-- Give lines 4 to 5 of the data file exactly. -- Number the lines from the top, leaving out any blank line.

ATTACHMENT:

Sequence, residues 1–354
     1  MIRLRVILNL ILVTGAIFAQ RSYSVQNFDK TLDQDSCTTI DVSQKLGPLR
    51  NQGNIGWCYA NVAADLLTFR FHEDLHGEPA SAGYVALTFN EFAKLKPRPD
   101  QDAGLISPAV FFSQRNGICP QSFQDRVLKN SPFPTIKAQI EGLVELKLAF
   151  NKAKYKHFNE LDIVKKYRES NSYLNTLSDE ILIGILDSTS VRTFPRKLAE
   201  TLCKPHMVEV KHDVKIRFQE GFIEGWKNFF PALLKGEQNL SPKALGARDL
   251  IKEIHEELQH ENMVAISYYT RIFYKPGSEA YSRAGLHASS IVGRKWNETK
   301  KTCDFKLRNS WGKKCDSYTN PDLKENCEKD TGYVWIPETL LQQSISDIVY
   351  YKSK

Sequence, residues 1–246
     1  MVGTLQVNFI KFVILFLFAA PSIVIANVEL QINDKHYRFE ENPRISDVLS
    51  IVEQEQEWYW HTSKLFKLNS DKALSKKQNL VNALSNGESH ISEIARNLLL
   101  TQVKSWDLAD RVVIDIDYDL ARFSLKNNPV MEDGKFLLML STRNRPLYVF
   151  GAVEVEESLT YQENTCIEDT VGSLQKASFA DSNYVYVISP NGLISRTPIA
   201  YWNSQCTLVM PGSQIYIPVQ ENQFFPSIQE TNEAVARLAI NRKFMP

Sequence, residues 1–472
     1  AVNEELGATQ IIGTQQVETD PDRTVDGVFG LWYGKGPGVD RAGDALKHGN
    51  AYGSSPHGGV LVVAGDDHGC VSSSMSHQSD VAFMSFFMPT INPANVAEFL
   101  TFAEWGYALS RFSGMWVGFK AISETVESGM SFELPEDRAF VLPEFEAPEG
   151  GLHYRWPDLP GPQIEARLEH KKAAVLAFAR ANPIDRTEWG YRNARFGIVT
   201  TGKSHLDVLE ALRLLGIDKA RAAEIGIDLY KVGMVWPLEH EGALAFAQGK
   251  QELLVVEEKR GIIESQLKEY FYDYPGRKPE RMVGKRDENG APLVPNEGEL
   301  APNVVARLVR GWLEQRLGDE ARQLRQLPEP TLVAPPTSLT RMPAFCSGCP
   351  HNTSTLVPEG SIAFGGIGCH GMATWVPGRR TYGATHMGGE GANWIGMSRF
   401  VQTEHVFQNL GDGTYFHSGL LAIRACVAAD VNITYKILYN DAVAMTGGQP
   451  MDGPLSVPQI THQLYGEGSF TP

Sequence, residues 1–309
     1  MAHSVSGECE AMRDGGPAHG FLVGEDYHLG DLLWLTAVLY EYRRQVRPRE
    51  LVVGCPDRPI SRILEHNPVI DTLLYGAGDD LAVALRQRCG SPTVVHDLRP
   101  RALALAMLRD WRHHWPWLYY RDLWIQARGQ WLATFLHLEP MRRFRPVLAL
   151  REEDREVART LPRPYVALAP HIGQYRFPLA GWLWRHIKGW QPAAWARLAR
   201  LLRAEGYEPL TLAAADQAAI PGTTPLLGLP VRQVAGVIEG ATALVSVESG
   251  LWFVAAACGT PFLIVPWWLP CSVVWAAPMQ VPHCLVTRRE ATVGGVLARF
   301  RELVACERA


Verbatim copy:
   101  QDAGLISPAV FFSQRNGICP QSFQDRVLKN SPFPTIKAQI EGLVELKLAF
   151  NKAKYKHFNE LDIVKKYRES NSYLNTLSDE ILIGILDSTS VRTFPRKLAE